Monday, July 6, 2020

St. Augustine: A Craft Beverage Destination

For two decades now, while driving to South Florida, we have been inclined to include a detour into St. Augustine to visit the historical sights such as the Old Town, the Spanish Quarter, the Castillo de San Marcos, the Lighthouse, and the Cathedral Basilica of St. Augustine.  These visits also included a stop at the city's only craft beverage establishment - San Sebastian Winery - as we had become fans of their Blanc Du Bois and Port styled wines. They also provided an excellent tour of their facilities as well as a rooftop pavilion with satisfying glasses of white sangria.

In the past few years, other craft beverage outlets joined San Sebastian along the Trolley Tour Route such as St. Augustine Distillery - situated only a couple blocks away in the Historic FP&L Ice Plant (the first commercial enterprise to produce block ice in Florida over 100 years ago). The distillery is a business collaborative of 28 local entrepreneurs who utilize local sugar cane, wheat, corn, and citrus to produce whiskey, rum, vodka, and gin. They also contacted the world’s leading distilling experts to assist in crafting the spirits recipe and local bartenders on drafting recommended cocktails. They also emulated San Sebastian's tour design and provide one of the most insightful free walking tours of a distillery. Each station includes a free cocktail sample and the museum provides a history of block ice production as well as a legality neutral history of distilling in The Sunshine State.

For this trip, we intentionally targeted the distillery in order to purchase a bottle of their Port Finished Bourbon ($80, 102 proof).  This whiskey starts as their Florida Double Cask Bourbon which is made from a mash bill of 60% regional corn, 22% malted barley, and 18% regional wheat that is then finished in used San Sebastian Port barrels. For both the Florida Double Cask and Port Finished bourbons, distiller Lucas Smith worked closely with the late Dave Pickerell on the first blends and barrel selection as well as the final proof. Interestingly, the Florida Double Cask weighs in at on odd 93.8 proof as that was the proof that all "blenders" agreed upon.  The Double Cask refers to the use of initial 25-gallon barrels in which the spirit was then transferred to seasoned 53-gallon casks in order to slow the maturation process. The result is a phenomenon whiskey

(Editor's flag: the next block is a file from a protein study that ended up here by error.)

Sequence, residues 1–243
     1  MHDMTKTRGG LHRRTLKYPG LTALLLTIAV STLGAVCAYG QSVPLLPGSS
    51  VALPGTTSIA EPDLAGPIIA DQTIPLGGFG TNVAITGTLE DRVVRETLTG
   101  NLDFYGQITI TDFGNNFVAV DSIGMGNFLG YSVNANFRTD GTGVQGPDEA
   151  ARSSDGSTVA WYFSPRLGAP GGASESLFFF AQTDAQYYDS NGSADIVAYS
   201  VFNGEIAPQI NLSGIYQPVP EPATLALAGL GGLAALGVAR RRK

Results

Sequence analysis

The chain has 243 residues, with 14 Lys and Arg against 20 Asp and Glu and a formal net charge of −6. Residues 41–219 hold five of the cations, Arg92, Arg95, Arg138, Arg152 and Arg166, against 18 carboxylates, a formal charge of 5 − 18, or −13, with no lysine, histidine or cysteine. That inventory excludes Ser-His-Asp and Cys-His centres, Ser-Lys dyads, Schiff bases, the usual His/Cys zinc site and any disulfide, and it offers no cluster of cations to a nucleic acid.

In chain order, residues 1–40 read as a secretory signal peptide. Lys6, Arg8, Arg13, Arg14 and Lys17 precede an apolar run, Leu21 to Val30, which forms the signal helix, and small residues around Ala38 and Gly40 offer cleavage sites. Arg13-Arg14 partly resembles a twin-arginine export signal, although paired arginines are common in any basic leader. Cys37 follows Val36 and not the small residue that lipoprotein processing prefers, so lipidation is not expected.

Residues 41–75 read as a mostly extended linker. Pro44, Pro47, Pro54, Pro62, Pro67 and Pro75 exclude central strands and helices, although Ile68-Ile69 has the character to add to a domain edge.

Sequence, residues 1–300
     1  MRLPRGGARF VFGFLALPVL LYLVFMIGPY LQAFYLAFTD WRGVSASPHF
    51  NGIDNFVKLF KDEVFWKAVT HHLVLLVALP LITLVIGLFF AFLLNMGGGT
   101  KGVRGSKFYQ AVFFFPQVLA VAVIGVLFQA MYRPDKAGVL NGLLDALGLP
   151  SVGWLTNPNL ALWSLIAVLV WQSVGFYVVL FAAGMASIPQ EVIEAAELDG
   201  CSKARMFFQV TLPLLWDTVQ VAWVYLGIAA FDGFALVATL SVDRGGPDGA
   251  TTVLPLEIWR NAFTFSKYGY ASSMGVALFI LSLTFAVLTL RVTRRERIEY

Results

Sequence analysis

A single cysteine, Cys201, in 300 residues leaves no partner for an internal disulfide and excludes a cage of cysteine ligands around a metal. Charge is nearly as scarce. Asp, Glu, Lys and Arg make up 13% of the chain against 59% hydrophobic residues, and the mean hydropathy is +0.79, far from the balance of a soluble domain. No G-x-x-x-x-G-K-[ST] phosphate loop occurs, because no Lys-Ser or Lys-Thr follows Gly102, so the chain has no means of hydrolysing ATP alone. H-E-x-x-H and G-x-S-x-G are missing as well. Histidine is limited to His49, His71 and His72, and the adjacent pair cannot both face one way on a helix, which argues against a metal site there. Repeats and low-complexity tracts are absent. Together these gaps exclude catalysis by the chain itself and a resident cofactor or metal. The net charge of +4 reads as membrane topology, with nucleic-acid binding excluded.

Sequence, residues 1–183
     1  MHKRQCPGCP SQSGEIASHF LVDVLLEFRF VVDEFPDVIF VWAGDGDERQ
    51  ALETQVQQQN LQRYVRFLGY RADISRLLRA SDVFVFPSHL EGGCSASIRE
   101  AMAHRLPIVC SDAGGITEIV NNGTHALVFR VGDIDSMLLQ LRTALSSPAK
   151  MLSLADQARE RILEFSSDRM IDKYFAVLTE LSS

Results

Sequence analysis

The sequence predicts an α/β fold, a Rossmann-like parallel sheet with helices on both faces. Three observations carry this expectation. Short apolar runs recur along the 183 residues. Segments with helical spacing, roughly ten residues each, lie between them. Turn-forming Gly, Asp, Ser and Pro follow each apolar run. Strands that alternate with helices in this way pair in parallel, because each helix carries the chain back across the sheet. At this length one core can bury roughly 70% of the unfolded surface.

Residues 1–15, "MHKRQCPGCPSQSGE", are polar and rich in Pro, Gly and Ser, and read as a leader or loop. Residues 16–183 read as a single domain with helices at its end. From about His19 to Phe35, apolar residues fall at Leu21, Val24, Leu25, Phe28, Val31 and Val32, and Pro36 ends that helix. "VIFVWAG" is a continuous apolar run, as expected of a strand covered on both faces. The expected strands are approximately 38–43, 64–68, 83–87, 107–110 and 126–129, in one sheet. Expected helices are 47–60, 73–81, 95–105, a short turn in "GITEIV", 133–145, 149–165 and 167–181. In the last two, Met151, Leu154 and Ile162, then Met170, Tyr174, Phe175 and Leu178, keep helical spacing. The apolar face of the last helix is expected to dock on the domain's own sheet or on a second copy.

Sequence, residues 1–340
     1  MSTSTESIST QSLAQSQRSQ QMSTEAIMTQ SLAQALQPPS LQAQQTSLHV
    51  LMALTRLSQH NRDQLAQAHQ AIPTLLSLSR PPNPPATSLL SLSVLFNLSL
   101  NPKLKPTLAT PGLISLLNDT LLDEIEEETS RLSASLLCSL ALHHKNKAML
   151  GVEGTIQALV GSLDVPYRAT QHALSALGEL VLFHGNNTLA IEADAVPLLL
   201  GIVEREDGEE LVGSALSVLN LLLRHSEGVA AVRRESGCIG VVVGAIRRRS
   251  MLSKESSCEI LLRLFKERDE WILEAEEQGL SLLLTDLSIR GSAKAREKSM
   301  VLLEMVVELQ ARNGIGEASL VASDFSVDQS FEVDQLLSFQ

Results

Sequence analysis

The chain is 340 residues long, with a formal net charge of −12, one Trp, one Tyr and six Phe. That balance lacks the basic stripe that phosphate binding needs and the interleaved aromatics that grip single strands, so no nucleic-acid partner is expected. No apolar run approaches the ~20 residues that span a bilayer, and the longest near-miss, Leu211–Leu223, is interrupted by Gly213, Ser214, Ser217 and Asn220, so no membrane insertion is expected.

and with the additional Port finishing imparts a slight sherry profile along with the raisins and cinnamon.

We also left with a bottle of the Pot Distilled Rum ($45, 90 proof) and the Florida Cane Vodka ($28, 80 proof). The rum is produced from regional sugarcane syrups and molasses and aged in used St. Augustine bourbon barrels. The spirit is straw-colored with a surprising coconut and baking spices profile. There's a mild dose of heat but the finish is very smooth and clean. The vodka is pot distilled from 100% Florida-farmed sugar. This provides a subtle molasses character with a clean finish.  The Florida Mule was its primary purpose and here are several other recommended cocktails:

•  2 ounces Pot Distilled Rum
•  1 ounce honey syrup
•  1 ounce lime juice
•  few dashes of bitters
Garnish with orange peel.

The Lolita
•  1.5 ounces Florida Cane Vodka
•  0.5 ounce fresh lemon juice
•  0.5 ounce fresh grapefruit juice
•  0.5 st. germaine
•  0.25 ounce simple syrup
•  3 dashes of peychauds bitters
Garnish with a grapefruit peel.
•  2 ounces Pot Distilled Rum
•  0.75 ounce lime juice
•  0.75 ounce simple syrup
•  10 leaves of fresh mint
•  top with soda water
Garnish with fresh mint.
The Florida Mule
•  1.5 ounces Florida Cane Vodka
•  1.5 ounces ginger-lime simple syrup
•  Top with soda water
Garnish with fresh mint leaves.
Classic Vodka Collins
•  2 ounces Florida Cane Vodka
•  1 ounces simple syrup
•  1 ounces lemon juice
•  Top with soda water
Garnish with a lemon peel

During this visit, we also stopped into two of the four craft breweries that have surfaced in the last couple of years. Ancient City Taphouse is located next to the Cathedral Basilica of St. Augustine and the two standouts were the Castillo Coconut Porter and Brazilian Pepper Tree Honey IPA.  Old Coast Ales is located a short walk or drive over the Matanzas River and we walked out with crowlers of Salt Run Gose and the Hopper 2.0 N.E. IPA. Both nice beach beers.  Another solid beer is the Dog Rose Brewing Co. Palace Pale Ale which I had with lunch at the A1A Ale Works Restaurant & Taproom where Dog Rose owner and brewer, Doug Murr, used to brew. And finally, Bog Brewing Company and City Gate Spirits will have to wait until our return visit to America's oldest city.

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